[0025] Both the silicone resin and the phenolic resin are present in solvents which are compatible to each other. These resins are mixed together (in preferred embodiments) to form a homogeneous blend and then used to impregnate a fibrous base material. There is not the same effect if a fibrous base material is impregnated with a phenolic resin and then a silicone resin is added thereafter or vice versa. There is also a difference between a mixture of a silicone-phenolic resin solution, and emulsions of silicone resin powder and/or phenolic resin powder. When silicone resins and phenolic resins are in solution they are not cured at all. In contrast, the powder particles of silicone resins and phenolic resins are partially cured. The partial cure of the silicone resins and the phenolic resins inhibits a good impregnation of the fibrous base material. [0026] In certain embodiments, the fibrous base material is impregnated with a blend of a silicone resin in a solvent which is compatible with the phenolic resin and its solvent. In one embodiment, isopropanol has been found to be an especially suitable solvent. It is to be understood, however, that various other suitable solvents, such as ethanol, methyl-ethyl ketone, butanol, isopropanol, toluene and the like, can be utilized. The presence of a silicone resin, when blended with a phenolic resin and used to impregnate a fibrous base material, causes the resulting friction materials to be more elastic than fibrous base materials impregnated only with a phenolic resin. When pressures are applied to the silicone-phenolic resin blended impregnated friction material of the present invention, there is a more even distribution of pressure which, in turn, reduces the likelihood of uneven lining wear. After the silicone resin and phenolic resin are mixed together, the mixture is used to impregnate a fibrous base material.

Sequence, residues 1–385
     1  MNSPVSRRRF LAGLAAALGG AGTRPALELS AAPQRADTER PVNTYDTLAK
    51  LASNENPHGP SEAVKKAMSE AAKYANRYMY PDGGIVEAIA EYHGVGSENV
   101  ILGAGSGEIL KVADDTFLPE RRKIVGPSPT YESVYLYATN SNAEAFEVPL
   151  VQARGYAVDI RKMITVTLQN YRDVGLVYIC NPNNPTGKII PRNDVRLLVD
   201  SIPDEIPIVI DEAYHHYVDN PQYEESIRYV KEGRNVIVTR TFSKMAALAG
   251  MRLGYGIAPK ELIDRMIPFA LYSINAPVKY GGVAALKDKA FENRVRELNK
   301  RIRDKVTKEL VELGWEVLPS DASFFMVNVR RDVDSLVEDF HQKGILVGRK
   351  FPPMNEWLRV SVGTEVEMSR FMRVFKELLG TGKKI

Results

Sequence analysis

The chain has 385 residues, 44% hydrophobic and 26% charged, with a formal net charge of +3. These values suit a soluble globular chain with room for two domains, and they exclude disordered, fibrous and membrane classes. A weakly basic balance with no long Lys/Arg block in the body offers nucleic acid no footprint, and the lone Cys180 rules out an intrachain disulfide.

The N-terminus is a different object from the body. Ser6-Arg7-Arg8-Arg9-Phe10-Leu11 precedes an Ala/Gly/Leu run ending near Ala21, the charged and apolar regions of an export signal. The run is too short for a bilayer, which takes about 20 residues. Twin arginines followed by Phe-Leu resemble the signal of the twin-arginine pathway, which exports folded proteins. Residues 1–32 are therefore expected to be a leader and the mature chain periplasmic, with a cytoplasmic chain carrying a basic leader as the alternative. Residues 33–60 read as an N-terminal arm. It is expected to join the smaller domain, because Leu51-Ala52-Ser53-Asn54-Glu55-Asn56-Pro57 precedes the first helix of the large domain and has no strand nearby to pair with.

[0027] In certain embodiments, less fibrillated fibers and carbon fibers are used in the fibrous base material to provide a desirable pore structure to the friction material which, in turn, provides increased thermal resistance to the friction material. The fiber geometry not only provides increased thermal resistance, but also provides delamination resistance and squeal or noise resistance. The presence of the carbon fibers and carbon particles aids in increasing the thermal resistance, maintaining a steady coefficient of friction and increasing the squeal resistance. A relatively low amount of cotton fibers in the fibrous base material improves the friction material's clutch "break-in" characteristics.

[0028] The use of less fibrillated aramid fibers and carbon fibers in a fibrous base material improves the friction material's ability to withstand high temperatures. Less fibrillated aramid fibers generally have few fibrils attached to a core fiber. The use of the less fibrillated aramid fibers provides a friction material having a more porous structure; i.e., there are more and larger pores than if a typical fibrillated aramid fiber is used. The porous structure is generally defined by the pore size and liquid permeability. In a preferred embodiment, the fibrous base material defines pores ranging in mean average size from about 2.0 to about 25 microns in diameter. In certain embodiments, the mean pore size ranges from about 2.5 to about 8 microns in diameter and the friction material had readily available air voids of at least about 50% and, in certain embodiments, at least about 60% or higher.